…And its past
The heart of our new game is of course the puzzles and story, and we’ve really cooked up a good one this time. You get to become the hero in quest to save a magical undersea kingdom that is under threat from a mysterious evil force. As you go on your journey through Nohonbashi, you will “encounter” various different mythical characters and creatures from Japanese folklore who will help you on your way.
With Nihonbashi’s shiny commercial face, you’d be surprised that the area has a strong connection to Japanese folklore. However, Nihonbashi was part of the shitamachi, or Low Area/Downtown of Edo, where the commoners and craftsmen used to reside (as opposed to the Western part of the city where the daimyo had their estates). This is the birthplace of Kabuki, Rakugo, and other forms of entertainment and arts that took their cues from folk culture.
So folklore and commerce really merged together in interesting ways that are still noticeable today (look around and you will see images from folktales and myths being used in advertising and marketing all over the place in Japan).
Edo was also a city much more connected to water than Tokyo is now. Canals used to run through the city, and were a major mode of transportation. In fact, old Edo was a lot like Venice, a city of waterways and canals that felt intimately part of the sea. Starting in the Meiji period and continuing through subsequent periods of reconstruction and development, Tokyo filled in its canals and reclaimed land from the bay, pushing the sea ever further away from the city.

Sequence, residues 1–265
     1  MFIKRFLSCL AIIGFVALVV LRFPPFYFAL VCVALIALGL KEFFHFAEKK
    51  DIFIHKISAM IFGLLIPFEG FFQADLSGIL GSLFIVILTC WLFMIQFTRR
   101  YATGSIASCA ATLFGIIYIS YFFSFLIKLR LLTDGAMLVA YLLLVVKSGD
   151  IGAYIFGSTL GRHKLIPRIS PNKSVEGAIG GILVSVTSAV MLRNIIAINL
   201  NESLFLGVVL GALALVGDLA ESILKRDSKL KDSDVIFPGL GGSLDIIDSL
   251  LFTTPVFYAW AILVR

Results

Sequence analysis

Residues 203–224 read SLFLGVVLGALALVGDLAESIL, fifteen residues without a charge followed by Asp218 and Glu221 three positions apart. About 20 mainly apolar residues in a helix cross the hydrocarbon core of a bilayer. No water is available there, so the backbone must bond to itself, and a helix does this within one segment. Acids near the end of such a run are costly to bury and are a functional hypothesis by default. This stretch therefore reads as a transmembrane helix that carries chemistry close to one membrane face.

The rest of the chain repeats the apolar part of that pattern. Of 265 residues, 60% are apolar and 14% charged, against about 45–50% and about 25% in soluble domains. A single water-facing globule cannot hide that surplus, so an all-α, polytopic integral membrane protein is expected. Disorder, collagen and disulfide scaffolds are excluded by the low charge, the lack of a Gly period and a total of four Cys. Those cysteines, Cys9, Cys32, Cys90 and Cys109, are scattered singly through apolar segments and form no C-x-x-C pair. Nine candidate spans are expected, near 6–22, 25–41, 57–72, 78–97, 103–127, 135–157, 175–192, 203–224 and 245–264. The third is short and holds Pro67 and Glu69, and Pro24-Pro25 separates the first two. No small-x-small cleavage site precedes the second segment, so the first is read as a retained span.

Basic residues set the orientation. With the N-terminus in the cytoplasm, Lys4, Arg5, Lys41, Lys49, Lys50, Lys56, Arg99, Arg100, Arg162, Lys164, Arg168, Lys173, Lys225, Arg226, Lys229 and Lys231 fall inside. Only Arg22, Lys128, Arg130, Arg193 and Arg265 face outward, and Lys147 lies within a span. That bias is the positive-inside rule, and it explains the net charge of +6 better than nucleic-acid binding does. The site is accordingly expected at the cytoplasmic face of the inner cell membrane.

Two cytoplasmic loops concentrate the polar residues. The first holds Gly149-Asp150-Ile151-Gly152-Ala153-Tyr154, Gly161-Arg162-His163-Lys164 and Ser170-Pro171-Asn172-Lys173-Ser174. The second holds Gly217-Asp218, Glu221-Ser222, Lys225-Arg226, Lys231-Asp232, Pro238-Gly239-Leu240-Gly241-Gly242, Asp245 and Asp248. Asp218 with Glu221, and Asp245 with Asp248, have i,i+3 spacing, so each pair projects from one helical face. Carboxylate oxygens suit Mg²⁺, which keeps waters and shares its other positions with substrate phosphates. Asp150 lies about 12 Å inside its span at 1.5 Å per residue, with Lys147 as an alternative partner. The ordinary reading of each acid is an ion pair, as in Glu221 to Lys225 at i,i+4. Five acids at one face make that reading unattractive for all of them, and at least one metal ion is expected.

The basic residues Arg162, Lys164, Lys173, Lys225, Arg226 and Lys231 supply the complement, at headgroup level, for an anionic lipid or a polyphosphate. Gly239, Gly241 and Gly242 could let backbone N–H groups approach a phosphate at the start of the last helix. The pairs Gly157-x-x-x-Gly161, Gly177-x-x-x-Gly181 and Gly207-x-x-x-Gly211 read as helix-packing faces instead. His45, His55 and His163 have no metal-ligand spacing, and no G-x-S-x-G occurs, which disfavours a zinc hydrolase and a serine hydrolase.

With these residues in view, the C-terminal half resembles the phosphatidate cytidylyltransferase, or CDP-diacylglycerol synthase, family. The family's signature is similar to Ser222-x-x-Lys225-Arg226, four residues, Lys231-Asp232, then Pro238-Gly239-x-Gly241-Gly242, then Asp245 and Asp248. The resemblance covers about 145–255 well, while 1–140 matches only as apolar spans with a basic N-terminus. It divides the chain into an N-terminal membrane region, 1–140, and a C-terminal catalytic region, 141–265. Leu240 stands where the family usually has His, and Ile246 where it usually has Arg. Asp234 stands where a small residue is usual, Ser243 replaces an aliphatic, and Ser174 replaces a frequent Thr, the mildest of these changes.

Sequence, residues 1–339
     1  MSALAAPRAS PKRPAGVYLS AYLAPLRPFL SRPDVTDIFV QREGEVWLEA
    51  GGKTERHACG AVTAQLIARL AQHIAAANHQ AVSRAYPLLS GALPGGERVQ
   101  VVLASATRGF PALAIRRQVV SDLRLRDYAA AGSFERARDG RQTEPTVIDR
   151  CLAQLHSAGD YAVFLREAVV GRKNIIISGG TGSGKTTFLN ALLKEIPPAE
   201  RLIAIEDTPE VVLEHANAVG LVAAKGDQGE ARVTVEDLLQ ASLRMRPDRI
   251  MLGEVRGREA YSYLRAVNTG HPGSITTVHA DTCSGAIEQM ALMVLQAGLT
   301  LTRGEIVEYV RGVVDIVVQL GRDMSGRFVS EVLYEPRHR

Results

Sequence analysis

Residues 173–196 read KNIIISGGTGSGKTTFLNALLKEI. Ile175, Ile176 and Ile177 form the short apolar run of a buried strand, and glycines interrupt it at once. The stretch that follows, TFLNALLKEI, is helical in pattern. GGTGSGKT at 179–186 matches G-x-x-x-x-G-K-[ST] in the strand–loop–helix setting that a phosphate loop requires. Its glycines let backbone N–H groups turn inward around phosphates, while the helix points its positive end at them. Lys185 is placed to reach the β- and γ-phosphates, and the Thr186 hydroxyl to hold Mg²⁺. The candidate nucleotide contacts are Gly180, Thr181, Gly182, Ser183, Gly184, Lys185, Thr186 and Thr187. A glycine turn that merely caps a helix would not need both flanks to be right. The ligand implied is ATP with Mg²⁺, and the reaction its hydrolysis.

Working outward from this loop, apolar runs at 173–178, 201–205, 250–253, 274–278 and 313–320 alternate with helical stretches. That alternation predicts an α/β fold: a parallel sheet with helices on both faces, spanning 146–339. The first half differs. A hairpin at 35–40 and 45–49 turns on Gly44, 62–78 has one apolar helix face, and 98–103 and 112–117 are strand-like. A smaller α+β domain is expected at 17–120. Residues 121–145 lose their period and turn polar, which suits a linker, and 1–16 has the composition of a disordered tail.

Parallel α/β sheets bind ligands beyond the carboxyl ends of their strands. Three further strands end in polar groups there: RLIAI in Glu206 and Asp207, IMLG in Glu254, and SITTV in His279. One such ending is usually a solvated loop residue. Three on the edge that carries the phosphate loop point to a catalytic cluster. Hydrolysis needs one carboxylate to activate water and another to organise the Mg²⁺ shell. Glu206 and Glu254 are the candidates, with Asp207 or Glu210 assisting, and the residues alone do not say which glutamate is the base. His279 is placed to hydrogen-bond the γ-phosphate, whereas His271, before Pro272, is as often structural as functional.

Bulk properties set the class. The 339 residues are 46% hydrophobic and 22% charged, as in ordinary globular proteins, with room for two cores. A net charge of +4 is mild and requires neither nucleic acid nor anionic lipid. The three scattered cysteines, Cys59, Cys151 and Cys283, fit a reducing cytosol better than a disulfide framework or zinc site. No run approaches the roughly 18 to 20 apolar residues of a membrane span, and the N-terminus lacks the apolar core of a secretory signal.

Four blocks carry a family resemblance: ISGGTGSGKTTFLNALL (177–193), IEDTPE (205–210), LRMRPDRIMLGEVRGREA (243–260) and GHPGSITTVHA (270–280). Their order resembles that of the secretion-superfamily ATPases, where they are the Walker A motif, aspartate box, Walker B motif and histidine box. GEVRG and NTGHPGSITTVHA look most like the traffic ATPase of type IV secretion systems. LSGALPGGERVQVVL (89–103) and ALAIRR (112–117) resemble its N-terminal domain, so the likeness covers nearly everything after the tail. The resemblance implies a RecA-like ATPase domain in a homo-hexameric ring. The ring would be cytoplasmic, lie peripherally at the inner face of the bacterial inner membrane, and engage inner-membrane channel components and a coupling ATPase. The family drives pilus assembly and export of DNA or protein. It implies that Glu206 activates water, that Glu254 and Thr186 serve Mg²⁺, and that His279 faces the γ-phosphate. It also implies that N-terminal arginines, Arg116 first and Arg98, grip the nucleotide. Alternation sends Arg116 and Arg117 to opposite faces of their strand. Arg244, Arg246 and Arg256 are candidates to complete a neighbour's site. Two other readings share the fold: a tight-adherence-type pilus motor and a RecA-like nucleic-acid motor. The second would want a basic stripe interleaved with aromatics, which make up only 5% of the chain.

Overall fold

Inspired by Japanese tales of a dragon palace, or ryūgūjō, under the sea, we have attempted to reconnect Nihonbashi, and Tokyo, to its older watery roots.
Bond over puzzles
Maybe it’s the cold or the holidays, but winter is the time of year when you want to spend quality time with your loved ones and families. And there’s no better way to do that than bonding over puzzles.
Nazotabi: The Tale of the Undersea Palace features fun and interactive puzzles for everyone, from young kids to older adults. Plus the puzzles are all bilingual, so really any type of group can play together.
These puzzles will challenge your mind and make you think differently. Along with the magical story mentioned above, the puzzles will carry you away and immerse you in an entirely different world. And who doesn’t want that this year?
But ultimately, our puzzles are focused on getting people to communicate and create memories with each other. These are the building blocks for relationships, both old and new, and for spending real quality time with people. There’s a lot to distract us and a lot to worry about. So maybe as this year closes, and as a new one opens, we can take the chance to really focus on what’s important–the people in our lives who, no matter what’s going on, make it all worth it.
Enjoy the winter season and holidays, and please stay safe.
Nazotabi: The Tale of the Undersea Palace is available now! To purchase a game kit or find out more information, please click on our Shopify page link here. The game can be played whenever you want, and there is no time limit (although it would be safe to block around 2~3 hours to play, take breaks, and have snacks).